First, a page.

Dealing With Adult Nightmares

I suffer from adult nightmares, as well as insomnia, they sort of tie in with each other.

Essentially, when the night comes, my anxiety levels peak and I have to deal with the same routine of battling my mind.

I am afraid to sleep, yet, depression tells me that I can’t do anything but sleep.

Why is mental health so complicated?

It started when I was only little, I can still feel the fear inside of my childhood body.

I would see things in the dark, in the shadows and in the shaping of the wallpaper that was peeling on the floor. I always felt watched and monitored.

I vividly recall a number of nightmares that I would have before the age of 7. I would often find myself lost, or trapped and would have to scream for my mother.

My body was battling serious levels of anxiety before I knew that such a word existed.

I struggled to find the difference between reality and what was just a dream, they both felt so real.

My father once told me: “Don’t worry, as you get older the nightmares will go, everyone goes through this”.

I so wanted to believe him, I wanted to have that reassurance that one day, I would be able to sleep in comfortable bliss.

I’m a grown ass woman now and in my 23rd year, I can tell you that I can’t recall a single night where I have not dealt with some form of nightmare.

It sounds silly to hear that a person wished to dream. A person wished to sleep so deeply and forget those nights.

If I had three wishes from a genie, I’d probably spend one of those wishes on a good nights sleep.

Many people don’t know what it’s like to be afraid to sleep.

I’m a lucid dreamer, so my dreams are very real. I never chose or practiced lucid dreaming, though some people do and I cannot fathom it.

I can see, feel, and taste everything inside of my subconscious, it’s a living nightmare.

What happens as I sleep, is as close to reality as when I am awake.

I’ve tried all sorts, from medication to medication. I’ve tried white noise and sounds that you’d find at your local spa.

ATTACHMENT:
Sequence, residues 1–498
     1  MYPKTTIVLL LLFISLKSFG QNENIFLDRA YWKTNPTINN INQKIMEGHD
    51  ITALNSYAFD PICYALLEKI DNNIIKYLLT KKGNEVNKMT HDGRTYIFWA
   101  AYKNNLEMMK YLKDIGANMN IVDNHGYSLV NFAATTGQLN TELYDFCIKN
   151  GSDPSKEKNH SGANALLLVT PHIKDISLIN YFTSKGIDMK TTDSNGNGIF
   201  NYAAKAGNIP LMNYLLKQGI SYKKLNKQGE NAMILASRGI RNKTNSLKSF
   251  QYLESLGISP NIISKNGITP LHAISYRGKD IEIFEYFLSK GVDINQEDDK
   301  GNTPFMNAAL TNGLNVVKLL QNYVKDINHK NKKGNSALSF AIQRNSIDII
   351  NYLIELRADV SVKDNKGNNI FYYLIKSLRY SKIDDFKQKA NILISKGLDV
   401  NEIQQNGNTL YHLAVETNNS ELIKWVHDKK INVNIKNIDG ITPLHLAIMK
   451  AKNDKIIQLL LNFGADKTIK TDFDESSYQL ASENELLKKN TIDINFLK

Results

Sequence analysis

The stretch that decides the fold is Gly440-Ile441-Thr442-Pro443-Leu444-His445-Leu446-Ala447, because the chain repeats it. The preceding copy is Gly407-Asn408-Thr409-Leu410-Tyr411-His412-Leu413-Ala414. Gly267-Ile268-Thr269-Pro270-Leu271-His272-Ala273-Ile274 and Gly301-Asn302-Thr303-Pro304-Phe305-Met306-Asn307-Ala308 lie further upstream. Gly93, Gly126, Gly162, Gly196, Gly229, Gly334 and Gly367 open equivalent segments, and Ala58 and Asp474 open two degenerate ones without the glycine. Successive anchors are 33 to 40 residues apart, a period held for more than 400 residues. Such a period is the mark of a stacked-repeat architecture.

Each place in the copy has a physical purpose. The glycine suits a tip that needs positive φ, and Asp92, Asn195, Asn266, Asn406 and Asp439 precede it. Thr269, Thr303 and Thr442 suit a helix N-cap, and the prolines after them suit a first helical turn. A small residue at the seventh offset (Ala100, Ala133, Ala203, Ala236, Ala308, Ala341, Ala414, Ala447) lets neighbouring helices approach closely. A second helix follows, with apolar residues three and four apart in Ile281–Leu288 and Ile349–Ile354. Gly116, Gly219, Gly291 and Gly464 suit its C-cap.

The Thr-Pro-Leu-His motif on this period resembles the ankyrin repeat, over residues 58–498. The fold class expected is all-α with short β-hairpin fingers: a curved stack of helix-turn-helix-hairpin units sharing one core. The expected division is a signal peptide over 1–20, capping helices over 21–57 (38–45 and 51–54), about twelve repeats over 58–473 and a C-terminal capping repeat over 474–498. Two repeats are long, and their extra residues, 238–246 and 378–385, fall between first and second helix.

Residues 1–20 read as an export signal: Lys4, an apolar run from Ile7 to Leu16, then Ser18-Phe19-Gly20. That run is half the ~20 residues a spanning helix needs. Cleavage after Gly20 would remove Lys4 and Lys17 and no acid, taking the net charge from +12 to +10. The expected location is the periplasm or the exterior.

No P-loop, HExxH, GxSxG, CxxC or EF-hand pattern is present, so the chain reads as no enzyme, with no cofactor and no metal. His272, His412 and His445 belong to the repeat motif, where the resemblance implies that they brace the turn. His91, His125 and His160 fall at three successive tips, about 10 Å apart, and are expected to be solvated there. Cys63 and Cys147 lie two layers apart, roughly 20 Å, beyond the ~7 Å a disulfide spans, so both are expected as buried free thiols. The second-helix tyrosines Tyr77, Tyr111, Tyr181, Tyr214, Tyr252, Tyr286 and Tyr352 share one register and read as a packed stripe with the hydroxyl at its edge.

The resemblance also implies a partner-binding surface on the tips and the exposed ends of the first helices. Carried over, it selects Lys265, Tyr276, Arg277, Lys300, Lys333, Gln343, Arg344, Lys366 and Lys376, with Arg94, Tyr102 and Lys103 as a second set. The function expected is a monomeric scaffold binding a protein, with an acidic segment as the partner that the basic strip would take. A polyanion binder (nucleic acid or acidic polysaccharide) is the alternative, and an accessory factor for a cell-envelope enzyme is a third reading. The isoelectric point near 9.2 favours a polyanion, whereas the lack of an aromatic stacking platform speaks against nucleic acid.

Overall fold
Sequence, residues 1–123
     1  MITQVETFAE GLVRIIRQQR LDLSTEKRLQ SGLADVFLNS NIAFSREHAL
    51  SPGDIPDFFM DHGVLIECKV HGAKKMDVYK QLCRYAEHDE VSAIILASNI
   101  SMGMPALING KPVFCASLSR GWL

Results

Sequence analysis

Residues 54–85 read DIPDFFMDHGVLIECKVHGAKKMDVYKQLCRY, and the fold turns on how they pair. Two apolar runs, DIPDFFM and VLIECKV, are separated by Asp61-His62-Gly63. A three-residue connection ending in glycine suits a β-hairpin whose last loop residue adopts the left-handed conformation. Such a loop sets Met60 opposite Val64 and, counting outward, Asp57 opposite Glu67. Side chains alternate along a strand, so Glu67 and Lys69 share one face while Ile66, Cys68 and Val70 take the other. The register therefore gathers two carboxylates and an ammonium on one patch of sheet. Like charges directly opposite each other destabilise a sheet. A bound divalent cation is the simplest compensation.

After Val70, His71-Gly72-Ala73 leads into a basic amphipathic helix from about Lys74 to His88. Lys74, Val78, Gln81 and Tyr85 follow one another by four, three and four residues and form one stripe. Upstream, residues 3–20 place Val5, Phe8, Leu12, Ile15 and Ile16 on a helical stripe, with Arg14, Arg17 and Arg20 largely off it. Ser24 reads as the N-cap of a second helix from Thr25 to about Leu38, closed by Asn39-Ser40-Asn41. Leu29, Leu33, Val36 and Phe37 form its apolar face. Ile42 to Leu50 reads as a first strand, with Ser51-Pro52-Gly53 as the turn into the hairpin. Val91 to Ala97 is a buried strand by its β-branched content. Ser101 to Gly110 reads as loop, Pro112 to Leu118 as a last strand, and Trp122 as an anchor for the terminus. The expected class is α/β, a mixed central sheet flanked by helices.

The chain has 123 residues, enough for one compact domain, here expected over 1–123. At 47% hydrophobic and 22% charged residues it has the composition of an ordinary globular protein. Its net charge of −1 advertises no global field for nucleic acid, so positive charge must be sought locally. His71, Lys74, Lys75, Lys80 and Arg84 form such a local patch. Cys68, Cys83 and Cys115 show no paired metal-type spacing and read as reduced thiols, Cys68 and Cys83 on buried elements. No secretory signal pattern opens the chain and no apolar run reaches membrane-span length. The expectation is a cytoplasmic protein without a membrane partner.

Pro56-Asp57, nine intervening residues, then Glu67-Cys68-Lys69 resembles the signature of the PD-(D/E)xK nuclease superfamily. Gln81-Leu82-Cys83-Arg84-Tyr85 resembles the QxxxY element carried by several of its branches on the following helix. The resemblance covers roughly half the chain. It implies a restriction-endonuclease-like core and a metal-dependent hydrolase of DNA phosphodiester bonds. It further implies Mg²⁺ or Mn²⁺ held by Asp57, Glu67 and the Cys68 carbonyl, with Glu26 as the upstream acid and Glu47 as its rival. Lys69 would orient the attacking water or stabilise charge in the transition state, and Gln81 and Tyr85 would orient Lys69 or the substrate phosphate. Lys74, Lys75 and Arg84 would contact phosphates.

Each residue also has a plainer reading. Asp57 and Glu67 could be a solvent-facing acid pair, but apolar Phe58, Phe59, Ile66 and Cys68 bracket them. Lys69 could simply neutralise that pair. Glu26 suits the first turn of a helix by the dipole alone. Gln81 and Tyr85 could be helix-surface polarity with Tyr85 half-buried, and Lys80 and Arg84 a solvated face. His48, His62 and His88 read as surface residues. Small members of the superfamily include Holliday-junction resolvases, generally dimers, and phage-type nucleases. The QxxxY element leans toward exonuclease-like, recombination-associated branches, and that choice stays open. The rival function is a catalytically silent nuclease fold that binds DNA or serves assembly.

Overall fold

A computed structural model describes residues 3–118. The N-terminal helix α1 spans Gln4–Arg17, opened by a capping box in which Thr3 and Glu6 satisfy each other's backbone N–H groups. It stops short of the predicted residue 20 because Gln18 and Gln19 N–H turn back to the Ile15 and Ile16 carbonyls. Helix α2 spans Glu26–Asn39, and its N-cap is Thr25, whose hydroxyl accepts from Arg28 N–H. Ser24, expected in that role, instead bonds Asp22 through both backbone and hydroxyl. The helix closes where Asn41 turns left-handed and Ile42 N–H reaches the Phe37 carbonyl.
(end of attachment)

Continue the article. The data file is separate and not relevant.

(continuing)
Which is why I know that these nightmares are rooted in me.

The only change between my childhood and my adulthood, in terms of these horrible dreams, is that I am not as afraid. I’m so tired that I just don’t care how intimidating my subconscious will be.

What causes adult nightmares and night terrors? I am no doctor, but in my case, I assume it’s just to do with my childhood and the trauma that molded my mind.

When we dream, our minds get a chance to outlet, detox and find some space for the fresh and hopefully less nerve-wracking memories.

More importantly, though, it’s important we talk about these things.

Our dreams can contain a lot of clues and keys that can aid our recovery and tell us what we need.

While I have not yet found the off switch, and maybe I never will. I have learned to make the most of what I have, which includes said nightmares.

Making the most out of a negative situation is the best we can do, and the most rewarding when a ‘cure’ isn’t an option.

I can often tell when I am overworked, stressed or simply need to take a step back and re-evaluate what I need to adapt and focus on.

It allows me to manage and understand how I am doing in a mental aspect. Dream journals are perfect for this (if you remember to write in it first thing).

The best advice I can give you here is simply this, talk about your mental health, ask for support with your nightmares and try to write them down.

Do not, ever, bottle up your mental health.

Don’t be afraid to understand your thoughts and feelings in your subconscious.

Failing that, I’ve found coffee and cuddling small dogs to be pretty effective (but don’t take this as real advice).

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